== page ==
In the UK, the Food Standards Agency issued a product recall for sweets containing carrageenan, stating that carrageenan “is not permitted as an ingredient in jelly confectionery products as it presents a choking hazard”.[23]

Toxicity researchEdit

Carrageenan has been studied in laboratory animals for its potential effects on intestinal and immune functions following oral intake or gavage, with no effects on organ pathology, clinical chemistry, hematology, or normal health.[24] Dietary carrageenan had no carcinogenic, genotoxic, developmental, or reproductive effects in laboratory animals, and was found to be safe in one study on human infants.[24]

See alsoEdit


  1. ^ FAO Agar and Carrageenan Manual. (1965-01-01). Retrieved on 2011-12-10.
  2. ^ a b McHugh, Dennis J. (2003). "A guide to the seaweed industry: FAO Fisheries Technical Paper 441". Food and Agriculture Organization of the United Nations. Retrieved 2017-07-29.
  3. ^ a b "Current EU approved additives and their E Numbers". Food Standards Agency. 26 November 2010. Retrieved 12 August 2014.
  4. ^, Marine Science Co. Ltd.
  5. ^ DeSilver, Drew (April 1993). "Answering Machine: Carra-what?". Vegetarian Times: 28. Retrieved 12 August 2014.
  6. ^ See:
    • Loureiro, Rafael R.; Cornish, M.L.; Neish, Iain C. (2017). "Applications of carrageenan: With special reference to iota and kappa forms as derived from the Eucheumatoid seaweeds". In Hurtado, Anicia Q.; Critchley, Alan T.; Neish, Iain C. (eds.). Tropical Seaweed Farming Trends, Problems and Opportunities: …. Berlin, Germany: Springer International Publishing. p. 165. ISBN 9783319634982.
    • Mitchell, M.C.; Guiry, M.D. (1983). "Carrageenan: a local habitation of a name?". Journal of Ethnopharmacology. 9: 347–357.
  7. ^ a b Carrageenan Industry Report 2012 Contents (PDF) (Report). CyberColloids Ltd. 2012. Retrieved 6 April 2014.
  8. ^ Pareño, Roel (14 September 2011). "DA: Phl to regain leadership in seaweed production". The Philippine Star. Retrieved 6 April 2014.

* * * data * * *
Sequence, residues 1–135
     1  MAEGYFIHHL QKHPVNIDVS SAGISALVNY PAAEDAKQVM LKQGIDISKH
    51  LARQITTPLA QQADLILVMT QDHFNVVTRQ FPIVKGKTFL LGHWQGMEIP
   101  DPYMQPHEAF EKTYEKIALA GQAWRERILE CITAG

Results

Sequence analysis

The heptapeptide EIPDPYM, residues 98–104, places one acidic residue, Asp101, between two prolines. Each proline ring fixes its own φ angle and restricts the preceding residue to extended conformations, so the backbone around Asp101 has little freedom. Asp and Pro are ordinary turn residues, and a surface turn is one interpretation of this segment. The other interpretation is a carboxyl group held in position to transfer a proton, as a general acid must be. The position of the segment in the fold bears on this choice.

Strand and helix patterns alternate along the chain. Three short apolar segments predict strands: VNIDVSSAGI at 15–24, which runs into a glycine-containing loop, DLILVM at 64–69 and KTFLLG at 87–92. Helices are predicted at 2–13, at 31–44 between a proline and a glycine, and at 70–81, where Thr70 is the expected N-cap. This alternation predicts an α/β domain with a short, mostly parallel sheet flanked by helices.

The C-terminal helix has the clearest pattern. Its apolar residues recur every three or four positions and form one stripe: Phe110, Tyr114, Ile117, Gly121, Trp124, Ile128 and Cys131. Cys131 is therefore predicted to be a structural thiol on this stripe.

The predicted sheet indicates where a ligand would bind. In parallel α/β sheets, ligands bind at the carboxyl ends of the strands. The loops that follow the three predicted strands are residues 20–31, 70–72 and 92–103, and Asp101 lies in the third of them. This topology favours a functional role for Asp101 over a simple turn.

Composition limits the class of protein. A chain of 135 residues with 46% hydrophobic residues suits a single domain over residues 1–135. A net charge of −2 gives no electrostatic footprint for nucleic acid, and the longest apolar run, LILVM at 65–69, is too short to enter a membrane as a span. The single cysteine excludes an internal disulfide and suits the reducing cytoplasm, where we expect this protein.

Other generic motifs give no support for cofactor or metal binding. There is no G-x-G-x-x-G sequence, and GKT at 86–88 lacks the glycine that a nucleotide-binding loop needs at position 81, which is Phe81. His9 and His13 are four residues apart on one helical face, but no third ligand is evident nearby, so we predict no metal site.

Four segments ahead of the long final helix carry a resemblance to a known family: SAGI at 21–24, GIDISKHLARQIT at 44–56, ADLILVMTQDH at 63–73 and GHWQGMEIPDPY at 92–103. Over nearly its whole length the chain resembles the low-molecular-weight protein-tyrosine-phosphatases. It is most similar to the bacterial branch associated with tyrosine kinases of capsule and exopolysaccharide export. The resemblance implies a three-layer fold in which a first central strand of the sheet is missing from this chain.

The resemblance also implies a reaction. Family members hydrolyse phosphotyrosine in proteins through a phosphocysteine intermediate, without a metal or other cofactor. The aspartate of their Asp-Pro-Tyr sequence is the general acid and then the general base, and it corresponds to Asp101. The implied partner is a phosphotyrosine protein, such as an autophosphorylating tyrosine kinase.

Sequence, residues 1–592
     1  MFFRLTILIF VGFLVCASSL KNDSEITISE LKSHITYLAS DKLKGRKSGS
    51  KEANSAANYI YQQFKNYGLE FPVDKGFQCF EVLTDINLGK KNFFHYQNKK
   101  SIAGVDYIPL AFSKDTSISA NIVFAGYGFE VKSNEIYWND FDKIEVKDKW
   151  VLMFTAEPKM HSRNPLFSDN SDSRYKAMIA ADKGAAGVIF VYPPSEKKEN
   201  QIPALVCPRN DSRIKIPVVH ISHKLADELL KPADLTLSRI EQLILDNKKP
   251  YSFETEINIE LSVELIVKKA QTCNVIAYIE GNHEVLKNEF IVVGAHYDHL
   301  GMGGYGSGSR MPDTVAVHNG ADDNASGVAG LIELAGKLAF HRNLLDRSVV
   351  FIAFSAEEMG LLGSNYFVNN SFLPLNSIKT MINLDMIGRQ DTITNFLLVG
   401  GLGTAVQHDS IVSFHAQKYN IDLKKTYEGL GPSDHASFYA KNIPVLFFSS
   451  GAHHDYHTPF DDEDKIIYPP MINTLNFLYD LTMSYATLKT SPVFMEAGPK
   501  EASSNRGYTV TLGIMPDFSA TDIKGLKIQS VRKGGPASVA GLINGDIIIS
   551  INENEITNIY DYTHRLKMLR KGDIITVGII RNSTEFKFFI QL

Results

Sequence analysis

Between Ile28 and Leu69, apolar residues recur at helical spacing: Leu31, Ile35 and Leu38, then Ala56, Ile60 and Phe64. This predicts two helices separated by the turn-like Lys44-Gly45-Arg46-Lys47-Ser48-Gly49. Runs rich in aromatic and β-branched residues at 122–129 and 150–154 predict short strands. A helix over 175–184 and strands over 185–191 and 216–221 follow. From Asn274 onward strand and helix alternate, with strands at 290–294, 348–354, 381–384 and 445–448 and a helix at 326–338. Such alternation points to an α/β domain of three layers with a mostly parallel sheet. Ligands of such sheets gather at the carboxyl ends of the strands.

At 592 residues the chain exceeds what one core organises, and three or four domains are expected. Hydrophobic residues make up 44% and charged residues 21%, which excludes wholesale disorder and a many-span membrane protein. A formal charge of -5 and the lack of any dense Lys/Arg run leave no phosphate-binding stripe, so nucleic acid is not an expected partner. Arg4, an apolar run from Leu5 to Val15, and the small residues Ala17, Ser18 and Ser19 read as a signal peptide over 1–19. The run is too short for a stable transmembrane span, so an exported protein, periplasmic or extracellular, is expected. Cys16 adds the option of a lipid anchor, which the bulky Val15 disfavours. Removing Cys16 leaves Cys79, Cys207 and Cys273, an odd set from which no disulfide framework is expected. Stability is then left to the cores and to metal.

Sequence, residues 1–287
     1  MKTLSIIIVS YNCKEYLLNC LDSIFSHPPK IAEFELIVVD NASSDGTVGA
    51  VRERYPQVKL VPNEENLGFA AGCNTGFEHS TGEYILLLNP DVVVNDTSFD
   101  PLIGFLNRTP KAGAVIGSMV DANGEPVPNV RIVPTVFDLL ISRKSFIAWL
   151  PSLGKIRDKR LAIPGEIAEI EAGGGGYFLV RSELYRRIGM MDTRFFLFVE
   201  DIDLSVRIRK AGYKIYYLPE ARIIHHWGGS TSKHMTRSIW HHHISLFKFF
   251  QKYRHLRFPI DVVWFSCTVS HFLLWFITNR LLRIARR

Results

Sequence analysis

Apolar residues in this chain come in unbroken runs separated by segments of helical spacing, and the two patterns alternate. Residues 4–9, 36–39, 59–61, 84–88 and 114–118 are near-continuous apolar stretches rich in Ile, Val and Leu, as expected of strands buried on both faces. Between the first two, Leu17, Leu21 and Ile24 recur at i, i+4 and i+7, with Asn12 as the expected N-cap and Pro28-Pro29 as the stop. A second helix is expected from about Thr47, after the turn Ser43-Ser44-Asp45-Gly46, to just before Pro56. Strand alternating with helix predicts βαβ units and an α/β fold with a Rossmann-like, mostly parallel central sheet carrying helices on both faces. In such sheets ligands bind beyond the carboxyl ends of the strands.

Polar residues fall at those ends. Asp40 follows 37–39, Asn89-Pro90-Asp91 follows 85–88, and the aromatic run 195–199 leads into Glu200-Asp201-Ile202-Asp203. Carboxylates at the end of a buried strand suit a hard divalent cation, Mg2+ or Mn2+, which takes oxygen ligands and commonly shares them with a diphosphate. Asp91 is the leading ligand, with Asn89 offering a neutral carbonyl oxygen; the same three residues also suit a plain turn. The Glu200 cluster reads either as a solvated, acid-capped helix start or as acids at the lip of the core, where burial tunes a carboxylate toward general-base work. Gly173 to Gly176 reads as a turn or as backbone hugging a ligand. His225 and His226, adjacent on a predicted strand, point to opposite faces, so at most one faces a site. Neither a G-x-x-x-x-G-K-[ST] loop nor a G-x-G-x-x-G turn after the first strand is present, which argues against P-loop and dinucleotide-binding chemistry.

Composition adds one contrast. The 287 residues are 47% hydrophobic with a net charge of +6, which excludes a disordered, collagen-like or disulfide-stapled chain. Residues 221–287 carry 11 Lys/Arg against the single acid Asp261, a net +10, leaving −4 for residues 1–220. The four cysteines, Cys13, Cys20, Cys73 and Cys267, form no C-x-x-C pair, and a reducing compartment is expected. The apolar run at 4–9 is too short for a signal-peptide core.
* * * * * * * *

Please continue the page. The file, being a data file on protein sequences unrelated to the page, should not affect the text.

9. ^ CyberColloids: E407 Specification Carrageenan, CyberColloids, Hydrocolloids research and development webpage.
  10. ^ CyberColloids: E407a Specification Processed Eucheuma Seaweed, Hydrocolloids research and development webpage.
  11. ^ 21 Code of Federal Regulations 172.620
  12. ^ Generally Recognized As Safe 21 CRF §182.7255 GRAS ID Code 9000-07-1 (1973)
  13. ^ Federal Food, Drug, and Cosmetic Act 21 U.S.C. 350(a) §412
  14. ^ Opinion of the Scientific Committee on Food on Carrageenan (2003) [1] p. 5
  15. ^ Joint FAO/WHO Expert Committee on Food Additives. Retrieved on 2014-8-11.
  16. ^ 68 FR 61993 (2003)
  17. ^ 65 FR 80548
  18. ^ 73 FR 59481
  19. ^ "Sunset 2018 Review Summary NOSB Final Review" (PDF). USDA Agricultural Marketing Service. 2016-11-30. Retrieved 2017-02-15.
  20. ^ "83 FR 14347". USDA Agricultural Marketing Service. 2018-04-04. Retrieved 2018-04-21.
  21. ^ "Safety Evaluation of Certain Food Additives, 3" (PDF). Joint Expert Committee on Food Additives, WHO Food Additive Series: 70. 2015.
  22. ^ "Opinion of the Scientific Committee on Food on Carrageenan" (PDF). European Commission, Scientific Committee on Food. 2003.
  23. ^
  24. ^ a b Weiner, M. L (2014). "Food additive carrageenan: Part II: A critical review of carrageenan in vivo safety studies". Critical Reviews in Toxicology. 44 (3): 244–69. doi:10.3109/10408444.2013.861798. PMID 24467586.

Further readingEdit

External linksEdit